This accompanies a conference talk given at the AHA 2014 Annual Meeting in Washington, D.C.
Many of the resources listed here will move, or be taken down, as time passes. The most effective way to find online resources for undergraduate medieval classrooms is to do a Web search. A suggested starting search term is provided for each section below, unless otherwise noted.
In addition to the resources available below, the PPT from the session will be online by Jan 15. For those who were at the session, I’ve also posted a brief article that demonstrates other applied uses of of activity theory.
Spatial history and GIS tools
Search for “medieval history GIS”
- ORBIS, Stanford
- Digital Atlas of Roman Civilization, Harvard. Frustrating interface
- Regnum Francorum Online. Frustrating interface; limited to Western Europe
- Early Medieval Mapping. Blog roundup of online medieval GIS work; last updated April 2012.
- Medieval Map Pretty, but small format means limited close-up detail; has a nice toggle between ancient kingdoms and modern nation-state boundaries
- Ian Mladjov’s Resources. Relatively good images of contemporary medieval maps; includes alternative place names
- Internet Medieval Sourcebook’s maps page, Paul Halsall, Fordham. Maps are of varying quality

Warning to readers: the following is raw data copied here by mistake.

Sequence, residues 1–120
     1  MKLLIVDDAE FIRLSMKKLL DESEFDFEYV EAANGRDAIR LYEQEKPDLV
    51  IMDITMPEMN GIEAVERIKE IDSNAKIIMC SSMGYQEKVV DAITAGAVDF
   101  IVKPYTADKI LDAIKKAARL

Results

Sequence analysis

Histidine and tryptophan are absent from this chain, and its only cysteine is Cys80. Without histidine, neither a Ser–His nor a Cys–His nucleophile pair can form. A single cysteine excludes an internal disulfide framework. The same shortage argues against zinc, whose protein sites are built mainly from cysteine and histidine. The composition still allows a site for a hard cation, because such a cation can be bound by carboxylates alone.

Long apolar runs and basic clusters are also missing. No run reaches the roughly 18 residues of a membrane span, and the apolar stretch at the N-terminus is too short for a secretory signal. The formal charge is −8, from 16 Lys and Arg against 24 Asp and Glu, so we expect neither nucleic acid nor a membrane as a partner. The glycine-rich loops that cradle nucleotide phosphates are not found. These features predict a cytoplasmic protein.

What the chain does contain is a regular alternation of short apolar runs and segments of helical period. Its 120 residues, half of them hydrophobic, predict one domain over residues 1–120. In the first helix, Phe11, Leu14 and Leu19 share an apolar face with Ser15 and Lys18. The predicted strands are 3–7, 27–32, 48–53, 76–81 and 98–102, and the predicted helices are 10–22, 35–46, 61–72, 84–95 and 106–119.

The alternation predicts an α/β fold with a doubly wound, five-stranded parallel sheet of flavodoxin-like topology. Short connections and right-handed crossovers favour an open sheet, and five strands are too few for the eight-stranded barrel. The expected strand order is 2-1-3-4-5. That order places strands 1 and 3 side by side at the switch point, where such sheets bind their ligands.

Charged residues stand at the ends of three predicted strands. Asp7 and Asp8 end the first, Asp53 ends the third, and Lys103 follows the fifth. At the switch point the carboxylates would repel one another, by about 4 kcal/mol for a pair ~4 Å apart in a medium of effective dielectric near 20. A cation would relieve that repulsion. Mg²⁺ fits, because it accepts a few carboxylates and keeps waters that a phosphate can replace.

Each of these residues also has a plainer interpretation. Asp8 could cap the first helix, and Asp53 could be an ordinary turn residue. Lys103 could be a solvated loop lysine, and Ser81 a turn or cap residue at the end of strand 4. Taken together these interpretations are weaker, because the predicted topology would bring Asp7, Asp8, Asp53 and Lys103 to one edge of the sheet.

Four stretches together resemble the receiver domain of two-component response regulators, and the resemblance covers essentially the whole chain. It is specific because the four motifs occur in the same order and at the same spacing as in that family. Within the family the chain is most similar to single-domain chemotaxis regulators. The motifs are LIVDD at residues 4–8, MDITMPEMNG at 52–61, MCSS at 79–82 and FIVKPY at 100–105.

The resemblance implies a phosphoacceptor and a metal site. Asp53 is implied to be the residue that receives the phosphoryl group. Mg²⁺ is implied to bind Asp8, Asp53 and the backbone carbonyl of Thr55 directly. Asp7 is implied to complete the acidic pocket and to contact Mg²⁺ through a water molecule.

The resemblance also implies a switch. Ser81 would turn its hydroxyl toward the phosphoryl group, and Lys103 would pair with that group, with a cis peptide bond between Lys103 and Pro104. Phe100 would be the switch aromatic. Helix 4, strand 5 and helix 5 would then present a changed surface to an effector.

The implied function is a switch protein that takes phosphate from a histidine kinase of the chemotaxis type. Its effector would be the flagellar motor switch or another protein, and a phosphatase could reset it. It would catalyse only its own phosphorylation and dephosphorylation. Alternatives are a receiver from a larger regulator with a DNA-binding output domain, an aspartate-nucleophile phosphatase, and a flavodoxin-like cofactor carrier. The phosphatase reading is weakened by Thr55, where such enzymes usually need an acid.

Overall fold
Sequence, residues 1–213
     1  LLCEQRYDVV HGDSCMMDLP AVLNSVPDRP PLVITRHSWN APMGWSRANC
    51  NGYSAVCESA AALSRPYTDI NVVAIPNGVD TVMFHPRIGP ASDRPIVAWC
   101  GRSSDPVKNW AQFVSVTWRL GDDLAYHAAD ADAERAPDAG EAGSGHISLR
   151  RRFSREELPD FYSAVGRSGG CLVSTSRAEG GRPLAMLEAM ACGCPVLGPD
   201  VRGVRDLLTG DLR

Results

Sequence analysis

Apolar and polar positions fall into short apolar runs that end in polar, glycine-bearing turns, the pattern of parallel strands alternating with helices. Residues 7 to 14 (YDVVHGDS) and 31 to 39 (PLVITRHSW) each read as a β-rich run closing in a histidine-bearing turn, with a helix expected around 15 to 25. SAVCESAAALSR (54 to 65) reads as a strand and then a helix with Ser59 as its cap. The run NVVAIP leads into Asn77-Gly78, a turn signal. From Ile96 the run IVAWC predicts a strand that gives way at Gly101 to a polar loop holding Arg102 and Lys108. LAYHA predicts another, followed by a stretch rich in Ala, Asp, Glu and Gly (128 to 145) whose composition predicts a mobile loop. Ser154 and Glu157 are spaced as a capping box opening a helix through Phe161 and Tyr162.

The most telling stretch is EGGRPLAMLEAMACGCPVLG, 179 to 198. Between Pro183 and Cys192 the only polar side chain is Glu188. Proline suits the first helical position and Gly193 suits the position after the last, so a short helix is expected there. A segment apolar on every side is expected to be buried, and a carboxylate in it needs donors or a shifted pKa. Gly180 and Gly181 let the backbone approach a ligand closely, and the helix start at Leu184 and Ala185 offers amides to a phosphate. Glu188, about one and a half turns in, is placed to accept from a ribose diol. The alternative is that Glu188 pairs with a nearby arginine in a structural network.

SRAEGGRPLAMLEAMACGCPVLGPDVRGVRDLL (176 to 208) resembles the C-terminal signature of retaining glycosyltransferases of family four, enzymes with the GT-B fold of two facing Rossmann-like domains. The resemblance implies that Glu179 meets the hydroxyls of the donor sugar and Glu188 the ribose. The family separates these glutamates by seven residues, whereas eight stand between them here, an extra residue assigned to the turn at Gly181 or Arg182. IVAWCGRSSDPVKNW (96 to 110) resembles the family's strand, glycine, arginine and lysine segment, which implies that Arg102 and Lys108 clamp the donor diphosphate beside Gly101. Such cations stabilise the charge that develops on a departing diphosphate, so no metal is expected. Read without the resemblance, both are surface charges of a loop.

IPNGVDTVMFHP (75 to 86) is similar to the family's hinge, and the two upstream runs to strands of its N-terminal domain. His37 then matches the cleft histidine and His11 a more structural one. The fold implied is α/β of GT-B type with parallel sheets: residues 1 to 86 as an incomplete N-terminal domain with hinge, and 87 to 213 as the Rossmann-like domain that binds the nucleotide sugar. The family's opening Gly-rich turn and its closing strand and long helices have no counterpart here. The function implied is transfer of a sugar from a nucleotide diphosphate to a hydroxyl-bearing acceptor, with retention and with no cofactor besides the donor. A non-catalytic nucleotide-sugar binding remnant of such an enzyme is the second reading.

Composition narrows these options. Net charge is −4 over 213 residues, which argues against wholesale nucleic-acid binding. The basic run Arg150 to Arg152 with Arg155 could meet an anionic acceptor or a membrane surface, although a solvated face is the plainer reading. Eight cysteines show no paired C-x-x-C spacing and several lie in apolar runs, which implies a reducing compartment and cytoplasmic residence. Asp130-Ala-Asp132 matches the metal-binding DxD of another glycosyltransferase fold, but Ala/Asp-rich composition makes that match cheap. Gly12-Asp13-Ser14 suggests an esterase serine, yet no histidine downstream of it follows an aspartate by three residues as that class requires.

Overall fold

- Map of shrines. From Columbia’s Treasures of Heaven. Beautiful, but limited in scope’
- Maps Of The Medieval Mediterranean. User-created maps of varying quality
- The Madaba Mosaic Map
Search for “timeline tool”
Empty timeline tools
- CHNM Timeline Tool. University-sponsored; free; not very pretty, but events are properly scaled in time and entry system is extremely functional and easy to use
- Timeline JS. University-sponsored; free; pretty, but cannot handle large numbers of events
- XTimeline. Free; pretty, and events are properly scaled in time; entry is functional and easy to use; HOWEVER, stability is a question
- Dipity. Free; pretty, but does not display events well when timescale is longer than 25 years
- Tiki-Toki. Free account limited to single timeline
- Time Glider. Free account for undergraduates only
- Capzles. Timeline is not to scale; oriented toward embedding videos and other multimedia
- Read.Write.Think timeline tool. Entries order by input order, not by date order
A Web search for “medieval timeline” brings mostly timelines that are oriented toward high-school or grade-school students. It’s therefore more useful to create timelines rather than depending on prefilled timelines. One exception is below.
Blog and exhibit-curation tools
Search for “free blog site” or “online exhibit tool”
Content management tools
These tools provide hosting options for online student blogs and exhibits in various forms
- OMEKA. Specifically designed for historians. Includes metadata handlers and a suite of curation tools
- Wordpress. Free, open-source blogging platform, with additional option to install full WordPress site on a personal Web site
- Blogger. Google’s free blogging platform